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Basementboy

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Everything posted by Basementboy

  1. Hi @Marki – wondering if you've had the chance to use this 150ED yet and if so whether you've posted any reviews. I'd be very interested to hear
  2. I don't believe I have the hand pad, no. I think the motor drive is just for tracking. But I can check again when I go back at Christmas.
  3. It is great! And no, I don't have the hand paddle – what's the hand paddle?!?
  4. Haha – uh ... why would you be LIVING with him?
  5. Hi, as another newbie it took me a while to figure out what this post was about. I live in London (also south facing) and it can be a struggle to see much, so was intrigued. Just Googled PVS-14 and it seems it's a monocular night-vision lens costing £2k+, correct? How does it work? Do you strap it to your head and then look through the EP? Plus various filters?
  6. Any idea what the glass would be on this scope?
  7. Shame. I find it to be much nicer in many ways – smoother action, more reassuringly solid, generally high levels of attention to detail – than some of the newer scopes I've seen!
  8. No kidding? Wow, what are the odds. Yep, that's the system – set latitude, level with the bubble, aim the forks at Polaris and go ... I haven't tried switching on the tracking but that's the next thing. As you say, it was a bit of a pain to keep Jupiter and friends in view, particularly for my parents who are telescope illiterate (though quite nice people nevertheless). Any guesses what something like this would be worth today? Not that I have any intention of ever selling it.
  9. On a recent visit back to Toronto to see my parents, I finally cornered my Dad about his old telescope – bought in the 1980s, shown to me once as a kid for about seven minutes, then packed away in the basement again: far too expensive and complicated and cool to ever actually, like, use! But after getting into astronomy during lockdown, suddenly I needed to see what this old scope was all about. And it's a beauty, in my opinion – a Meade 2080 8" SCT. Probably top of the line in the early 80s, though I know it wouldn't command anywhere near the same value now (any guesses?) – but it really is a lovely piece of equipment. The tracking action is smooth (with little tension adjusters and slow-mo dials), the focuser is good, the views are great. I think the coating on the front lens has worn away somewhat, but I didn't notice it when actually looking through the scope (though admittedly all I had time to observe was Jupiter and Saturn – my Mom has Parkinson's and we spent a long time trying to help her see the planets). It even comes with a little compass. The whole thing is solid as hell (and pretty heavy, obviously). It also sits on a tracking drive that I couldn't be bothered to test out on this trip: I'm only interested in visual astronomy and it seemed like too much of a pain to learn to use. But assuming that still works (and why wouldn't it, if it's been simply sitting in a box for 40 years) then I reckon Dad has himself a pretty nice setup. We just got a family cabin in the woods so I'm going to drive it up there and set it up where he might actually use it for a change. And the cherry on the sundae – it comes with instructions on ... drum roll ... cassette. Pictured here with Dad in his lair:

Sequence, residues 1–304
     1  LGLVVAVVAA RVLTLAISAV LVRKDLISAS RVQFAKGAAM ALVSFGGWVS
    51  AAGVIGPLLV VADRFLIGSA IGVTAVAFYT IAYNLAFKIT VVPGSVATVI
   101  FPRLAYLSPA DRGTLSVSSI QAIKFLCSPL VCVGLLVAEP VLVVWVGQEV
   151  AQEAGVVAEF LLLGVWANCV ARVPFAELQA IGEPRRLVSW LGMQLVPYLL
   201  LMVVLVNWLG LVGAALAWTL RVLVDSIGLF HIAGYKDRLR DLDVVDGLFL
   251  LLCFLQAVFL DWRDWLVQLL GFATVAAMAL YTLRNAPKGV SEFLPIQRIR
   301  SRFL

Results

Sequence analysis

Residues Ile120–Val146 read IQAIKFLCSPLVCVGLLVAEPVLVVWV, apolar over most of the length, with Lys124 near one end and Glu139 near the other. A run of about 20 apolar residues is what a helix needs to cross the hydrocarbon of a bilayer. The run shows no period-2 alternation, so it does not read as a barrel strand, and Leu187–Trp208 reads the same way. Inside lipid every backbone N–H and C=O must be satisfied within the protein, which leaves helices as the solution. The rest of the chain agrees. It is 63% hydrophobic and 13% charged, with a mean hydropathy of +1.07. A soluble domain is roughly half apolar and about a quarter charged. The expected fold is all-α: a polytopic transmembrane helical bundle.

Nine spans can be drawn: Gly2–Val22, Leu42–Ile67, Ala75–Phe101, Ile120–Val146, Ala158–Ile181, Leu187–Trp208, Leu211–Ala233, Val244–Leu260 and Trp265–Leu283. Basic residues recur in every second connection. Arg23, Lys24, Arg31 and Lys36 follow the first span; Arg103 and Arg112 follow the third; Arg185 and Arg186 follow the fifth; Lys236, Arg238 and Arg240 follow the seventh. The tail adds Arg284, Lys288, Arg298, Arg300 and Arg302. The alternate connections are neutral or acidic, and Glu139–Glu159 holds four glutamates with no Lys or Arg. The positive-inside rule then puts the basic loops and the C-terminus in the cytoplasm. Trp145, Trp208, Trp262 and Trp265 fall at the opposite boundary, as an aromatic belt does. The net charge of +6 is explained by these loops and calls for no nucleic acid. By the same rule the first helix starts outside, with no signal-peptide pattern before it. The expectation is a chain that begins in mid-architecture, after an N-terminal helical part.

10. Hi, I'm looking at potentially fitting an Ercole with an M10 coupling to one of Skywatcher's steel tripods, which is 3/8" Is that OK? The Ercole says it can be attached to photo tripods via the 3/8" thread, so is that basically fine? I guess I'm not quite clear on what M10 is Thanks! Chris
  11. Hi Stu, bit late to this, but as someone who has been using an AZ5 on a Skywatcher steel tripod I can attest that tube length matters a lot in terms of wobbling. Supposedly the payload with a steel tripod should be around 9kg (from the AZ5's stated capacity of 5kg), but my 6.4kg 800FL refractor wobbles a lot (and my 6" Newt unusably so). It helps a bit to toggle the mount into the more vertical of its two positions, but even so the OTA jiggles. Incidentally, the mount itself also struggles a bit to hold the weight – you have to turn the screw extremely tight to hold it in place. But it's a great mount otherwise: the slow mo controls are really precise and the action is smooth without much backlash. It would be great for a Mak or anything shorter (or lighter).